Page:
Qualities of next ULM head noted

By Stephen Largen, Monroe NewsStar

The University of Louisiana at Monroe Presidential Search Committee won’t hold an on-campus meeting to solicit public input for at least another few months. However, prominent members of the ULM family already have some ideas about what qualities the university’s next president should have.

The committee will search for a replacement for current ULM President James Cofer, whose last day in Monroe is July 30.

He takes over at Missouri State University Aug. 1.

William McCown, a psychology professor at ULM who’s been at the school since 1995 and served under two university presidents, said ULM’s next leader must have budget-management experience.

“We’re really in fiscal crisis,” McCown said.

“The bottom line is there needs to be somebody who makes it their mission to preserve the university.”

McCown said he fears the possibility of an outsider being brought in by the system to “basically to get rid of what they see as the superfluous baggage,” he said.

“My fear is that the outsider, regardless of who he or she is, will be brought in with an agenda,” McCown said.

McCown said he’s inclined to support a presidential candidate who has experience in Louisiana.

“There have been some excellent candidates mentioned from within the UL (University of Louisiana) System,” he said.

“There’s going to be a big learning curve for an outsider.”

McCown, who served as a member of Cofer’s expanded cabinet, said concerns that Cofer didn’t focus enough attention on the academic side of the university are unfounded and the committee shouldn’t train its eyes solely on a candidate from an academic background.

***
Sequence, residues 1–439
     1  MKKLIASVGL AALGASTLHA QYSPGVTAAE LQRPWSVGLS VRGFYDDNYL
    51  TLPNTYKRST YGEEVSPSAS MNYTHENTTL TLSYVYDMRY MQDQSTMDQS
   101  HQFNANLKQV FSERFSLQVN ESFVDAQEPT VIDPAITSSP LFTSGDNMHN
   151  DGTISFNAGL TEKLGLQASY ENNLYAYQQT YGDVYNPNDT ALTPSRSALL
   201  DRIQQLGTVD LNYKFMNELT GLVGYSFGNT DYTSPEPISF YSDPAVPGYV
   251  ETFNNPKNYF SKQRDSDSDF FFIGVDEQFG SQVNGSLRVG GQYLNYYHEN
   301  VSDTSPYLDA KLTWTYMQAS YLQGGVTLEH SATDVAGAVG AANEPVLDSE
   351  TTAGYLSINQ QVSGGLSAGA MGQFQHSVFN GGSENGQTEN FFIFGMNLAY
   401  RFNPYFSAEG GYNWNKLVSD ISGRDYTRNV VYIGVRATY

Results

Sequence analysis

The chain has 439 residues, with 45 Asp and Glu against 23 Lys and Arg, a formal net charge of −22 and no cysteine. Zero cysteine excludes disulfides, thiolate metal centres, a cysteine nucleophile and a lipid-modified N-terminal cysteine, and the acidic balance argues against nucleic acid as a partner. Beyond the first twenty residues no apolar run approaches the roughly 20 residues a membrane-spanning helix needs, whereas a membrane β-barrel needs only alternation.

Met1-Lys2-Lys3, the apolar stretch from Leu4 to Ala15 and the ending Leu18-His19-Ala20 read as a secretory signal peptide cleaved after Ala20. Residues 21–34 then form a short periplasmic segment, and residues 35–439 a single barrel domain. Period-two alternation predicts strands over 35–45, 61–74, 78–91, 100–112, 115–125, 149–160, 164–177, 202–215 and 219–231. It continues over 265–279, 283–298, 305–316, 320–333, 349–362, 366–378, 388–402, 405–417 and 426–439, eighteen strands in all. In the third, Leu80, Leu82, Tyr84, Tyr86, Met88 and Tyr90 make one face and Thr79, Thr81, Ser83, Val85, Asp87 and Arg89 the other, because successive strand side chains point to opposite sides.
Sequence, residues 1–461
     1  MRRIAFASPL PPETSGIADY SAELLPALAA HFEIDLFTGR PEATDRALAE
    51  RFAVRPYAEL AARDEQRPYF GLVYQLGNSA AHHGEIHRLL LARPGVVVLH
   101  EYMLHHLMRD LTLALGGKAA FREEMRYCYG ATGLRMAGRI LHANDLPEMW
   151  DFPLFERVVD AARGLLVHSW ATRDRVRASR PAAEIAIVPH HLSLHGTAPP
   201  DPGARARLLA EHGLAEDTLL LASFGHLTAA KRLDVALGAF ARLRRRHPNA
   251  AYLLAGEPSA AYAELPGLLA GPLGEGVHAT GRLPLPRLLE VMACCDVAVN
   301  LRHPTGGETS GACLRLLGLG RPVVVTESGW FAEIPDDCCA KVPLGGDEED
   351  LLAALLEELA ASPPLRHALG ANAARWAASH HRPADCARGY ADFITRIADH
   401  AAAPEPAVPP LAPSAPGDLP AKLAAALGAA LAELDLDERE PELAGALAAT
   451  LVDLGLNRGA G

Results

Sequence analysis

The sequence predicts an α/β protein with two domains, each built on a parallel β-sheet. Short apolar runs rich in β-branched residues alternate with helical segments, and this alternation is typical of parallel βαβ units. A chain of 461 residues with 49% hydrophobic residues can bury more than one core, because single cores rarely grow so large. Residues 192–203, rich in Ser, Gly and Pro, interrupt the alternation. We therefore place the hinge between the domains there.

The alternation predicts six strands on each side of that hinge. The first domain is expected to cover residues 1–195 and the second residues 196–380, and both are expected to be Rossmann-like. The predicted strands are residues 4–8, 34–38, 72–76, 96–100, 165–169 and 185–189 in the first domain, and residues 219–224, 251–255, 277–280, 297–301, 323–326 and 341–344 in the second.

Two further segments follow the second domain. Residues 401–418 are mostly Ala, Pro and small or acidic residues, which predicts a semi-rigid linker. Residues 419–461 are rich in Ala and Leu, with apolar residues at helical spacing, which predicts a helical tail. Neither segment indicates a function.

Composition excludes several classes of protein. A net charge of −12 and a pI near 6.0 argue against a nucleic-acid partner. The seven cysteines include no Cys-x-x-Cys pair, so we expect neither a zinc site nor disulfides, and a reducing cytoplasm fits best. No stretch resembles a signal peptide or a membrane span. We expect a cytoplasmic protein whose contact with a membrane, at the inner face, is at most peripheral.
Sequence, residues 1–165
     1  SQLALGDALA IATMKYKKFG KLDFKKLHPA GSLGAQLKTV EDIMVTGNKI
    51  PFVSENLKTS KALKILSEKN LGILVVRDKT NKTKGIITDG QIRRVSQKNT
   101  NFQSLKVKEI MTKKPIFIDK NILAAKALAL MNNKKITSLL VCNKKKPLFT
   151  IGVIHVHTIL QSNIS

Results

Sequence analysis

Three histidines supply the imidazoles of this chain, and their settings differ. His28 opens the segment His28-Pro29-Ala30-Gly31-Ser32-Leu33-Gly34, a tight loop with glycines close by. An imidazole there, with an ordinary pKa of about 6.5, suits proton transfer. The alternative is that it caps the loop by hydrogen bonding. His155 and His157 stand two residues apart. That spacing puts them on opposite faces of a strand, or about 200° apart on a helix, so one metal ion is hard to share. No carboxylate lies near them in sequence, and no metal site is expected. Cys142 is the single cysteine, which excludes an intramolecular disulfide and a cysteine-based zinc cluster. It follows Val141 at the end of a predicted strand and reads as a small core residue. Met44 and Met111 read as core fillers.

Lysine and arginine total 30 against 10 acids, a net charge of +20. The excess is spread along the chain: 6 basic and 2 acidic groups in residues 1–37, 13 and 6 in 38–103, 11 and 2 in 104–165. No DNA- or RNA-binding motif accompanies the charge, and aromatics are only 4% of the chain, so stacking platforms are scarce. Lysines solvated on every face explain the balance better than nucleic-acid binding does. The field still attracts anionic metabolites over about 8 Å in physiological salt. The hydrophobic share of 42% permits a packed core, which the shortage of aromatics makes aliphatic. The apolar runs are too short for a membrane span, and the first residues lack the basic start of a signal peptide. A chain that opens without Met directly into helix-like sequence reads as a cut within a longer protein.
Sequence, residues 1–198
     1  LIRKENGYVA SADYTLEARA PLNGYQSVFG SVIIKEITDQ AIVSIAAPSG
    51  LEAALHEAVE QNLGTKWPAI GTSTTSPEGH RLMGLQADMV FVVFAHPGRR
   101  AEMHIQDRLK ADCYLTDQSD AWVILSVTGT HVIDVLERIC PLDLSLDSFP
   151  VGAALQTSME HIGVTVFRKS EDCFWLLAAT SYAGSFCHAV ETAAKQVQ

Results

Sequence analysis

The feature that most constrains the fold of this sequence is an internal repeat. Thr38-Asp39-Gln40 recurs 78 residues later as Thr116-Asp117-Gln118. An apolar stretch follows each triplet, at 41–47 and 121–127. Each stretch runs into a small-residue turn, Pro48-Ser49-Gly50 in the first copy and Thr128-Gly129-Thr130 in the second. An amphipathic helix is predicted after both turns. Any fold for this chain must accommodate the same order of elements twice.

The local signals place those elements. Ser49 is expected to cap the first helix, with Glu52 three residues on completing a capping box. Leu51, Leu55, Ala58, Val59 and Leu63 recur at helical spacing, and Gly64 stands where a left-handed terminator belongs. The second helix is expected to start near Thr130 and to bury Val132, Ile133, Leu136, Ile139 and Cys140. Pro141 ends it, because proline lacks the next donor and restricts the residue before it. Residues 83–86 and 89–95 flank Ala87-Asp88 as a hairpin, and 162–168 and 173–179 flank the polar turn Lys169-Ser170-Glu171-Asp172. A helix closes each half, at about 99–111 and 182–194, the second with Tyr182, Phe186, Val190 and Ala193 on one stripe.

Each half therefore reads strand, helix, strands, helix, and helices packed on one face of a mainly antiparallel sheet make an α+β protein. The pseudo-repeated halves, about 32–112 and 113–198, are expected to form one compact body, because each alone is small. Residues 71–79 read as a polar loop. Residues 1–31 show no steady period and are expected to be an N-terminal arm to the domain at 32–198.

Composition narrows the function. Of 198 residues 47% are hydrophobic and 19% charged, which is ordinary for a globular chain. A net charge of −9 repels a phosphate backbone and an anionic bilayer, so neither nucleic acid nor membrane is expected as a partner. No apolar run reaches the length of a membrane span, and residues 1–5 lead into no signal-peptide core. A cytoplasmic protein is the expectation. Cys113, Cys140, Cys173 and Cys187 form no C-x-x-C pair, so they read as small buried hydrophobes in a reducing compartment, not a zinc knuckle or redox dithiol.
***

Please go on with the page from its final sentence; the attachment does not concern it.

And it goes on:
“People didn’t know that behind the scenes Dr. Cofer was somebody who had a pretty good academic background,” McCown said.

The city of Monroe’s Economic Development Officer Dwight Vines, who served as ULM’s president from 1976 to 1991, said the next ULM president should have management experience.

He said the ideal candidate should also have a track record that was built at a university.

Generally, those candidates produce better results, though candidates from a business background can also occasionally be successful, Vines said.

Vines said the next ULM president’s chief challenges will be maintaining enrollment and paying down the university’s debt.

“I think (the search committee) needs to welcome qualified candidates from wherever they’re from,” Vines said.

“I would hope it’s an open search.”

Jeffrey Cass, the dean of ULM’s College of Arts and Sciences, shares that view.

“It’s always a mistake to try to predetermine the course of the search,” Cass said.

“Sometimes outsiders can be helpful because they have no axes to grind or predetermined loyalties. Simply go with the best candidate.”

Linda Holyfield, a ULM alumnus, is the president and chief executive of P&S Surgical Hospital in Monroe and served on the last presidential search committee that eventually selected Cofer.

She said it doesn’t matter whether a prospective candidate has experience in Louisiana, but he or she should have the “sophistication to work with government officials at all levels.”

“It doesn’t take savvy people long to figure out the politics,” Holyfield said.

She said the ideal candidate will have a blend of financial and academic expertise.

“Is that real person out there is the question,” Holyfield said.